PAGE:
Do not abandon people with disabilities
Several SDGs explicitly refer to persons with disabilities. For example, SDG4 (quality education), SDG8 (decent work and economic growth), SDG10 (reduced inequalities) and SDG11 (sustainable cities and communities) have specific targets – and for good reason. Research shows that persons with disabilities are typically marginalised in several ways. They tend to be excluded from social life and are neglected by both schools and health-care institutions. Even access to sanitation or public buildings cannot be taken for granted.
Those who have a handicap need particularly good infrastructure. All too often, it proves insufficient. Shortcomings are systemic even in a high-income country like Germany. Many schools and public buildings neither have appropriate toilets, nor markers for visually impaired persons, nor ramps for those who require wheelchairs. The lack of adequately trained professional staff is similarly embarrassing.
Where infrastructure is inadequate in daily life, disaster looms in the case of emergencies. Extreme weather events, for example, are especially dangerous for persons with disabilities. Neither warning nor rescue systems are designed in ways that would suit their needs.
Things should not be this way. After all, Germany and about a 180 other nations have ratified the UN Convention on the Rights of Persons with Disabilities (CRPD). Its big promise is to bring about the inclusion of the people concerned as well as ensuring they enjoy equal opportunities.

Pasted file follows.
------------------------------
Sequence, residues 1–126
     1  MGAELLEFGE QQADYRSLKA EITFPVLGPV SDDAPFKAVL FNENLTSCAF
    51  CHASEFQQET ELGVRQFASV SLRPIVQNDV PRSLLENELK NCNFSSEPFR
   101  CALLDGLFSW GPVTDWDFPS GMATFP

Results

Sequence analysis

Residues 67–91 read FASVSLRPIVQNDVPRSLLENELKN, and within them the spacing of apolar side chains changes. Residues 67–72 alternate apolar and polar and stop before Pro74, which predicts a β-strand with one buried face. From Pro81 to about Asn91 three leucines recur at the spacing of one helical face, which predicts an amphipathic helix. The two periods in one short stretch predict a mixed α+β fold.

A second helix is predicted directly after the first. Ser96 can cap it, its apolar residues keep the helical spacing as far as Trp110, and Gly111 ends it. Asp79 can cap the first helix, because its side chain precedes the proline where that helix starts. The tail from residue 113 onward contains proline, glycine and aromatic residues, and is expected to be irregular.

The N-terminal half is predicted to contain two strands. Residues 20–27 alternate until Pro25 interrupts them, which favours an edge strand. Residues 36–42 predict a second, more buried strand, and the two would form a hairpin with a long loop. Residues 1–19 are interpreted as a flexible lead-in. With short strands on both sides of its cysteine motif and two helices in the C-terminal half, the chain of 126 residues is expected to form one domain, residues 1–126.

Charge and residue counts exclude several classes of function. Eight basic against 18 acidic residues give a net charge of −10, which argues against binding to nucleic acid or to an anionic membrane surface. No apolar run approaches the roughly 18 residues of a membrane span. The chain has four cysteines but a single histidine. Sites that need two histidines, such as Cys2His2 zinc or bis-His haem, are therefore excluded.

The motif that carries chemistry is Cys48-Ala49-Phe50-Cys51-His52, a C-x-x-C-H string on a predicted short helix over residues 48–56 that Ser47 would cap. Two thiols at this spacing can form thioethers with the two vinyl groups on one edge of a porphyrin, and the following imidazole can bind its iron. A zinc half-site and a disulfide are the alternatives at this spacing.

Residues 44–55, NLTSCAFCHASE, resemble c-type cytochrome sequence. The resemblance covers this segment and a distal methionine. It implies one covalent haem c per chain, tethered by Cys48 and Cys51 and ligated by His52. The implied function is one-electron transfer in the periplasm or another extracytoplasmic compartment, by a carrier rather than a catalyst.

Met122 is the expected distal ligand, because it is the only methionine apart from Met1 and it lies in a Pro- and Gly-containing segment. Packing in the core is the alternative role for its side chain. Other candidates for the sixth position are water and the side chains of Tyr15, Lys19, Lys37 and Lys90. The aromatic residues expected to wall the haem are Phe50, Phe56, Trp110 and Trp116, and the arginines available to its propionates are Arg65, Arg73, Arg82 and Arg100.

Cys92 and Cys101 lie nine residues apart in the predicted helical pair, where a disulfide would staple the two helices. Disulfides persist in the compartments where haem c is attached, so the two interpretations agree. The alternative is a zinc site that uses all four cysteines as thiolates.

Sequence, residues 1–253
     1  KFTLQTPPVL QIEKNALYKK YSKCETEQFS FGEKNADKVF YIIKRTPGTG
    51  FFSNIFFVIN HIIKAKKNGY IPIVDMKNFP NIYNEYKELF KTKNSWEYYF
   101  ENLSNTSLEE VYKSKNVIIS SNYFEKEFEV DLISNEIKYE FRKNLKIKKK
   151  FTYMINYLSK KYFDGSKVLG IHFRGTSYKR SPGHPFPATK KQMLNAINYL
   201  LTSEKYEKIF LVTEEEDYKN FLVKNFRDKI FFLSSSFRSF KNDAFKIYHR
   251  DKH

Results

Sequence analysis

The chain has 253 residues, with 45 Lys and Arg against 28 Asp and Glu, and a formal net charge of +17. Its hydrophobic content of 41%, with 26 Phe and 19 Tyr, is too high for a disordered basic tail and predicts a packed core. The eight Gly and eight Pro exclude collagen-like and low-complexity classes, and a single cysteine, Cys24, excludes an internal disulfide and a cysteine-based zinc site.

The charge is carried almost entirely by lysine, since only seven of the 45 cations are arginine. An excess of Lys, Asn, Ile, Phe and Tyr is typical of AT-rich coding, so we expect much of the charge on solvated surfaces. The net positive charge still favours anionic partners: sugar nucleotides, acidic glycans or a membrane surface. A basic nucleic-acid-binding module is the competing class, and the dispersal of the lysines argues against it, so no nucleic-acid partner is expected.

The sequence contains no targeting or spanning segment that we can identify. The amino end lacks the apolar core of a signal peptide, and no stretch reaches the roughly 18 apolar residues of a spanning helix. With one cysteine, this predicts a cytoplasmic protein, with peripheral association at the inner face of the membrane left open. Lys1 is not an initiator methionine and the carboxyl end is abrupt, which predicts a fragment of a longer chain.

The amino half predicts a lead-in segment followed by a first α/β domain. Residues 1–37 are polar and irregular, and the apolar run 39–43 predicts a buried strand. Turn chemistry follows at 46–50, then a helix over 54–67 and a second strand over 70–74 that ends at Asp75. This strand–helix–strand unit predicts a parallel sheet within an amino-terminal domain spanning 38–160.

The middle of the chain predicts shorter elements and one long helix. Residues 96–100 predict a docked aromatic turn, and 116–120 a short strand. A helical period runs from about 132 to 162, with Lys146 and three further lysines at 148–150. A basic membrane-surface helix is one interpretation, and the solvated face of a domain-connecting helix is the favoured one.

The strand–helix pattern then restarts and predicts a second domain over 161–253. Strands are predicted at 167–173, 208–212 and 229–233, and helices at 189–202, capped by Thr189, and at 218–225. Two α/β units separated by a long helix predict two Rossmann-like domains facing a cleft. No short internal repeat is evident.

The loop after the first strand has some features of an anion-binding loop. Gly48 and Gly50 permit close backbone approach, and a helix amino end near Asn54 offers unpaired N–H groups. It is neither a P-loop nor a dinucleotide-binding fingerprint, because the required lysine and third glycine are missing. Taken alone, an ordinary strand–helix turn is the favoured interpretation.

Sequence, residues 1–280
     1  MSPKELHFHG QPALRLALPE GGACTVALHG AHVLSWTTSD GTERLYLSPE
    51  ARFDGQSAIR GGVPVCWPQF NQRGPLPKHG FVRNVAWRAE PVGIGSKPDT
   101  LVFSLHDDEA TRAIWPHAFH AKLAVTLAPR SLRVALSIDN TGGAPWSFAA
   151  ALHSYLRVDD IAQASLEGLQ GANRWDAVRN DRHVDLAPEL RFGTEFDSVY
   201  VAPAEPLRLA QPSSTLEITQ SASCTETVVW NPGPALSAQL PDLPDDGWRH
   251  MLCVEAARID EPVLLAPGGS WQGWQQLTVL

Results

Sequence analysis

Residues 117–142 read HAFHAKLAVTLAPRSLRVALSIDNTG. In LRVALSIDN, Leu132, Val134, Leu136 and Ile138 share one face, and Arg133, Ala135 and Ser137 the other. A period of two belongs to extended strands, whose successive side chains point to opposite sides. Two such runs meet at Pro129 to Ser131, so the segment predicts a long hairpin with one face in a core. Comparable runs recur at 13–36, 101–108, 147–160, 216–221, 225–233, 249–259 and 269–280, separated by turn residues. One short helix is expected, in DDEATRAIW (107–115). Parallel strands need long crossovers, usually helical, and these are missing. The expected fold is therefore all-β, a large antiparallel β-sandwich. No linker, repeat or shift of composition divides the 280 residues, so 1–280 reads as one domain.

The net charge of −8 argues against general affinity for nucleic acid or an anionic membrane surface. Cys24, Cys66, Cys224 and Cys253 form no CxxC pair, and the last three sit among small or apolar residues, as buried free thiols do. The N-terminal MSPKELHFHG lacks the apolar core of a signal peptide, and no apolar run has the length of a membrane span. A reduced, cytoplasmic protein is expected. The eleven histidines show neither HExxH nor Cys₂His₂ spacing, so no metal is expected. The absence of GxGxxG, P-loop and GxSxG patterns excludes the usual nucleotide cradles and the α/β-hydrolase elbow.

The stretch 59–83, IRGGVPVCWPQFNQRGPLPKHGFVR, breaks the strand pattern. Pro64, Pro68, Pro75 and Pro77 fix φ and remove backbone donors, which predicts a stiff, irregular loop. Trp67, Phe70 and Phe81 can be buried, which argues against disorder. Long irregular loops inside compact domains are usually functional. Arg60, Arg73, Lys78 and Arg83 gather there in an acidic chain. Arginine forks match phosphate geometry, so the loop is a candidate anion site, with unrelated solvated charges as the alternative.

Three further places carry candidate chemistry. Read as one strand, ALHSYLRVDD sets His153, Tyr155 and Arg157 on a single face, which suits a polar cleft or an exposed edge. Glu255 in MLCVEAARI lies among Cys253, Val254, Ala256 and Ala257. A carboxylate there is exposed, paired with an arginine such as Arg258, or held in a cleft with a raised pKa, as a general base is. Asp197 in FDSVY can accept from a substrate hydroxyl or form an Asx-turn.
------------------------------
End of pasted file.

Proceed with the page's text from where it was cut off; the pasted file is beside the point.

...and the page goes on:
The CRPD results from respect for basic human dignity. At the same time, there are tangible economic reasons why persons with disabilities must not be left behind. Where they are not enabled to live productive lives, they become a burden on society, with governments generating less tax money, but having to spend more on social benefits.
Things are particularly tough in developing countries. That is where about 80 % of the world’s 1.2 billion people with disabilities live according to a GIZ report. Tax revenues tend to be low, and government spending tends to be quite meagre as well. International donor agencies must rise to the challenge. Every project and programme should take account of the needs of disabled persons explicitly and right from the start. Bilateral institutions such as GIZ and non-governmental organisations such as CBM aspire to do so.
Inclusion, moreover, is needed for gender justice. Around the world, women do most of the care work (see Sundus Saleemi www.dandc.eu). When mothers, sisters and daughters have to take care of family members with special needs, they have fewer opportunities to earn money, get an education and become active in public affairs. They thus suffer exclusion themselves.
The SDG targets make sense. State agencies, civil society and the private sector must rise to the challenges. It is essential not to leave anyone behind. The inclusion of persons with disabilities concerns society as a whole – and the entire international community.
Sabine Balk is a member of the editorial team of D+C Development and Cooperation / E+Z Entwicklung und Zusammenarbeit.